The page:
Deadly Returns: Boom Times in B.C. Cremation

As the popularity of cremation soars in B.C.'s death care industry, ?urn repositories exploit their niche. If John Chasca offers you a deal on an all-inclusive, beware: a return trip is not part of the package. His offer involves a private niche for your cremated remains.?

Death Care, cremation
Cremation rates in Canada and the U.S. are pumping new blood into the death care industry.

As the popularity of cremation soars in B.C.’s death care industry, 
urn repositories exploit their niche.

If John Chasca offers you a deal on an all-inclusive, beware: a return trip is not part of the package. His offer involves a private niche for your cremated remains.

Turns out these eternal vacation spots are all the rage in the “death care” industry, and as a result, manufacturers of columbaria, as they’re known in the business, are flourishing. These are stand-alone structures, typically made of concrete, housing anywhere from a dozen to hundreds of niches behind a granite façade.

Traditionally, funeral homes have viewed cremation as the competition and didn’t want anything to do with this low-cost alternative to pricey caskets and interments. But there’s no arguing with the numbers: in Canada, cremation bypassed burial as the consumer preference in 2002, and funeral directors and columbaria manufacturers want to get in on the action.

“When we’re only doing, let’s say, 20 per cent burial, your customer is the other 80 per cent that’s saying we want cremation,” says Chasca, past president of the B.C. Funeral Association and president of McPherson Funeral Services in Cranbrook. “So now you have to have all the other products and services that go along with that.”

Hence Chasca’s “all-inclusive”: for $2,795, you get a niche in a columbarium with a wreath and inscription on the granite face. The à la carte price is typically around $1,500 for the niche, plus additional fees for opening and closing the granite face and inscribing a wreath and text. That compares to expenses that range up to $10,000 for a burial with casket, tombstone and all the trimmings. 

Chasca says that columbaria make sense, particularly in B.C.’s chilly interior and northern regions. “You can walk up and look at dad in one of these niches,” he points out, “versus saying, ‘Well, Dad’s buried here somewhere under the snow bank, by this tree somewhere.’”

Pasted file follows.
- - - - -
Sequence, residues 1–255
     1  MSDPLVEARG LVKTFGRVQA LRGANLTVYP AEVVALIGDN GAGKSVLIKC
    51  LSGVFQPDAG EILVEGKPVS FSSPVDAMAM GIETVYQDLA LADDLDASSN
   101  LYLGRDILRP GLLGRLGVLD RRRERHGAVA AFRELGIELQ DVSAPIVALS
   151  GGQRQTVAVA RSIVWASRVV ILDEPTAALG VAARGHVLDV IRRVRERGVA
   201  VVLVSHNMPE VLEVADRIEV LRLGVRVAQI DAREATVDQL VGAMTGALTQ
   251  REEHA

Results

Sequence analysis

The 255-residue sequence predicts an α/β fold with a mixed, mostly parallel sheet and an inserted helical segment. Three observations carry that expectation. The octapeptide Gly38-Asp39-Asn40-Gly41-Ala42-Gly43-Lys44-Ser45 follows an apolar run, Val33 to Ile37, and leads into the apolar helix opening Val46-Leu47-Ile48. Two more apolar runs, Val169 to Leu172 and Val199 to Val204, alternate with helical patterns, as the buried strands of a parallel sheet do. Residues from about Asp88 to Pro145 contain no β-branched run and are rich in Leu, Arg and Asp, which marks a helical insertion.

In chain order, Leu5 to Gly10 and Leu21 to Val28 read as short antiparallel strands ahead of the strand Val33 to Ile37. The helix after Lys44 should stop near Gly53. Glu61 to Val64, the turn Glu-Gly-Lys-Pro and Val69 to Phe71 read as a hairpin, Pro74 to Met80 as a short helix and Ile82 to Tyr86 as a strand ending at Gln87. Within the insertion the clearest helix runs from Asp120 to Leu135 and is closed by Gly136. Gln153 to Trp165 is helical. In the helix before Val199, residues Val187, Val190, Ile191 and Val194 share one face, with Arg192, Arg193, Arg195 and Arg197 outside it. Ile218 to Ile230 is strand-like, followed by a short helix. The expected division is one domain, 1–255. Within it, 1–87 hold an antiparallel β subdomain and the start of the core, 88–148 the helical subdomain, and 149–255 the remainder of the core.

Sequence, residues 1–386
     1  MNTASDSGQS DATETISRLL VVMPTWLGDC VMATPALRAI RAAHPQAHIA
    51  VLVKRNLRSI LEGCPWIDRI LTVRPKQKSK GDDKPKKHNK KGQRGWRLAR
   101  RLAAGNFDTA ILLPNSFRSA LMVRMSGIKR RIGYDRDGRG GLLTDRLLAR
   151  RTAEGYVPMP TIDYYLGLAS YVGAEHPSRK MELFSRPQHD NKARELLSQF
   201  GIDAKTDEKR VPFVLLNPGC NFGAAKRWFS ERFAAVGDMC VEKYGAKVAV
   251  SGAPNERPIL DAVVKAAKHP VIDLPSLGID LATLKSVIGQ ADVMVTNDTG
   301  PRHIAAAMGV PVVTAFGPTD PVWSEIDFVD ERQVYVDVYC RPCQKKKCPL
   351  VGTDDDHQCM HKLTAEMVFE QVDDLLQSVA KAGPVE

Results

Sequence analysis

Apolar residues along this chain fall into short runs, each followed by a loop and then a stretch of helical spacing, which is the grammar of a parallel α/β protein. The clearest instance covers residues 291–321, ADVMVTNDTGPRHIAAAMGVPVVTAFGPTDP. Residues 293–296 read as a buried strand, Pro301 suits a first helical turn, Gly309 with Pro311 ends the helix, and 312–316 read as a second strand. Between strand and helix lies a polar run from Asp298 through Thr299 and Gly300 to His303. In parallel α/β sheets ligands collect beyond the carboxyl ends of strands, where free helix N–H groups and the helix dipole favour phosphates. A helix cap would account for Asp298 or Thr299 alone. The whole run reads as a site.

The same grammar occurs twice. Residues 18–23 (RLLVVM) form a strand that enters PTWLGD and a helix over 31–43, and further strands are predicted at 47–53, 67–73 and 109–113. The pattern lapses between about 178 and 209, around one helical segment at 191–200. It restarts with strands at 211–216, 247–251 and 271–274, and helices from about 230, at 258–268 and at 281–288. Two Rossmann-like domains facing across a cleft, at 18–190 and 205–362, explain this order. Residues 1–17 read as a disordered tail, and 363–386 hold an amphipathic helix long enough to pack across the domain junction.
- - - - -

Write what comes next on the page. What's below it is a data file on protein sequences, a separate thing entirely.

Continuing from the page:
Cemeteries have been slow to catch on to the trend, so funeral homes like Chasca’s have forged innovative business relationships. They’ll buy the columbarium, pay the municipality to place it in the cemetery, then relinquish ownership to the cemetery when the columbarium is full. A portion of the sale of each niche is held in trust for continued maintenance.

Mark Fynn, president of KMI Columbaria Inc. in Kimberley, describes seemingly limitless growth potential for his company’s patented marine-grade aluminum columbaria. He points to Calgary’s Sacred Heart Church, which partially financed its recent $5-
million expansion through the sale of 5,000 niches in an elaborate columbarium in its basement. (It was only in 1963 that the Roman Catholic Church lifted its ban on cremation; it still discourages scattering cremated remains.)

Then there was the town of Nipawin, Saskatchewan, which, Fynn reports, bought “a nice little 72-niche structure” in the shape of a grain elevator. 

The real opportunity for Fynn lies south of the border, where there’s still plenty of upside on the cremation demand curve. He already does a brisk business in California, where cremation rates range up to 80 per cent, depending on the region. He’s also got a keen eye on prospects in Florida, where the state passed a law in 2009 allowing public universities to install columbaria on campuses. “Football is a religion in Florida,” he says. “Every college stadium has a columbarium where people pay their respects on the way into the game.” – David Jordan l